Monthly Archives: July 2019

Responsive Table Layout with CSS Grid

Making tables responsive to screen size has always been a bit an issue with no perfect solution for all situations.

One option is to hide some less important data as the screen size gets smaller, and then allow the user to expand the data somehow if they want to see everything.

Or you could set the table to scroll horizontally if the screen size is too small.

These options may be necessary for big complex tables of lots of data, but if you are dealing with a simple table, I find that using CSS grid offers an elegant solution.

See the Pen Simple Responsive Table Layout with CSS Grid by Lisa Catalano (@lisa_c) on CodePen.



In this example I have two sections that are grids and use the same layout which is set up with the term-grid class. The header section is a grid, and each line in the data section is a grid. Please note that I’m using Vue.js to display the data and keep the html clean, but it is unrelated to the grid. If I was not using Vue, each line of data would be repeated with its own grid. Below is an example of what the HTML for one definition without Vue would look like.

<div class="term-grid">
  <label>Lorem</label>
  <div class="definition">ipsum dolor sit amet consectetur adipisicing</div>
  <div class="alternate">something</div>
</div>

The important CSS is to add display: grid to the container that you want to be a grid. In my example, this is done with the class term-grid. You also want to set up the size of each column in the grid using grid-template-columns. I am using fractional units to set up the different column widths. Using fractional units means that the columns will grow and shrink proportionally as the screen-size changes. The grid-gap is simply the gap in between the columns.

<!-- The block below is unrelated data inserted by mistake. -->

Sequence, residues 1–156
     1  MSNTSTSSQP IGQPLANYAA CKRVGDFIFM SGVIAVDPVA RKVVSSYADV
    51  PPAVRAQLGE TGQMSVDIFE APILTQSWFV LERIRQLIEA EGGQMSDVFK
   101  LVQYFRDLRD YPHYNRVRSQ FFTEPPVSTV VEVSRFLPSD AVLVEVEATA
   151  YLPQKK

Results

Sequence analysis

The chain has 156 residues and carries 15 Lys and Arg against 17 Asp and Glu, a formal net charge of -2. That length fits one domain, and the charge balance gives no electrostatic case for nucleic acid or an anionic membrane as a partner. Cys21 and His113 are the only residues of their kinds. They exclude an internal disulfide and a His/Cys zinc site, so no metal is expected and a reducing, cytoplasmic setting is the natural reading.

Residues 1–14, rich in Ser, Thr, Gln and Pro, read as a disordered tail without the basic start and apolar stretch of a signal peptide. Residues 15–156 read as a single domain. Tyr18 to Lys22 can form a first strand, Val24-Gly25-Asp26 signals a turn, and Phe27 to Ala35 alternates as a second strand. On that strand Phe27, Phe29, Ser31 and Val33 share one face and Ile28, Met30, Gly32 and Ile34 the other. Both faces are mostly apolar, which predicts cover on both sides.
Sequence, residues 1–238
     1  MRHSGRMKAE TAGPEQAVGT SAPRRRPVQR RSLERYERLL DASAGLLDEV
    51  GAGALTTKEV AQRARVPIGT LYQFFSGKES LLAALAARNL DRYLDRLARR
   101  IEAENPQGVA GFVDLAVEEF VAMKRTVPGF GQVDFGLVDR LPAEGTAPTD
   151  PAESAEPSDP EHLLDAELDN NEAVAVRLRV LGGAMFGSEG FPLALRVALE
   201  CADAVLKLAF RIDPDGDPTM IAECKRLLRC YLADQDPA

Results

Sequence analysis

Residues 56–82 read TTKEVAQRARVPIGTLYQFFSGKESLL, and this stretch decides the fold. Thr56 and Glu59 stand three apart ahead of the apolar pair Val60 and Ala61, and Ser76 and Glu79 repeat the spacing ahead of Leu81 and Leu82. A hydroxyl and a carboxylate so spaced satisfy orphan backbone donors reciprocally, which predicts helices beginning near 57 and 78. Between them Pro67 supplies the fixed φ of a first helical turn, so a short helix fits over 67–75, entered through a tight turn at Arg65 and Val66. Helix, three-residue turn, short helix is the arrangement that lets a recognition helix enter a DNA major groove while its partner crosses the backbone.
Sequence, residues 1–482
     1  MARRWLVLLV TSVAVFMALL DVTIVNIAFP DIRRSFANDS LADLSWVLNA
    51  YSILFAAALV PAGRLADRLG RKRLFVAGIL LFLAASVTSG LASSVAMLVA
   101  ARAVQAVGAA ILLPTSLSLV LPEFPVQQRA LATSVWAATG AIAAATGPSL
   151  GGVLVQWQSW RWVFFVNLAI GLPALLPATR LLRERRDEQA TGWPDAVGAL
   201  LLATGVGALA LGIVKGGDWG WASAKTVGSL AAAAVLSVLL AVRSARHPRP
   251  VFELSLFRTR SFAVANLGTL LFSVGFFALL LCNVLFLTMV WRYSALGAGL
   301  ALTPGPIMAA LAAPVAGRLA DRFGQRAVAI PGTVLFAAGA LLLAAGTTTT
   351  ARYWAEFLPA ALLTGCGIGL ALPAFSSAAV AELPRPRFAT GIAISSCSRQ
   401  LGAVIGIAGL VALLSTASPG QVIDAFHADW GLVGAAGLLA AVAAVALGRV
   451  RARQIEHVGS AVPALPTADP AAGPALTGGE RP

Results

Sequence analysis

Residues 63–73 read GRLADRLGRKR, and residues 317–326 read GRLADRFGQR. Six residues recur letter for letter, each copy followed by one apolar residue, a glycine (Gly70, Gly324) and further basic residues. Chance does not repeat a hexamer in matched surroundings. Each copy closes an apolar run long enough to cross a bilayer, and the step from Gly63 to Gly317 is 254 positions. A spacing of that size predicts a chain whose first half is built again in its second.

.term-grid {
  display: grid;
  grid-template-columns: 1fr 4fr 1fr;
  grid-gap: 2em;
}

When the user is on a small screen, you can easily change the layout to be a column of data instead of a row. There are different ways to achieve this, but the way I handle it is to change the grid-template-columns property to just be 1fr. Each of the data pieces in the grid will take up the full width of the screen, or to be more accurate, the full width of its parent container.

@media (max-width: 600px) {
  .term-grid {
    grid-template-columns: 1fr;
    grid-gap: 0.5em;
  }

  .grid-header {
    display: none;
  }

  .alternate {
    margin-top: -10px;
    font-style: italic;
    order: 1;
  }
  
  .definition {
    order: 2;
  }
}

I’m also hiding the headers and changing the order and styles slightly of the second and third data cells. This is not going to be something you always want to do, but because the 3rd column is optional, I wanted it to show under the term and be italics so it doesn’t look like part of the definition.

See the Pen Simple Responsive Table Layout with CSS Grid by Lisa Catalano (@lisa_c) on CodePen.



I’m embedding the Pen a second time with code to force the screen to be smaller, so you can see the mobile version. If it not showing for you, you can open the pen in its own tab and play with the screen size on your own.

The code that is defining the grid and the small changes for mobile are really just a few lines, and I really like this solution for simple tables of data.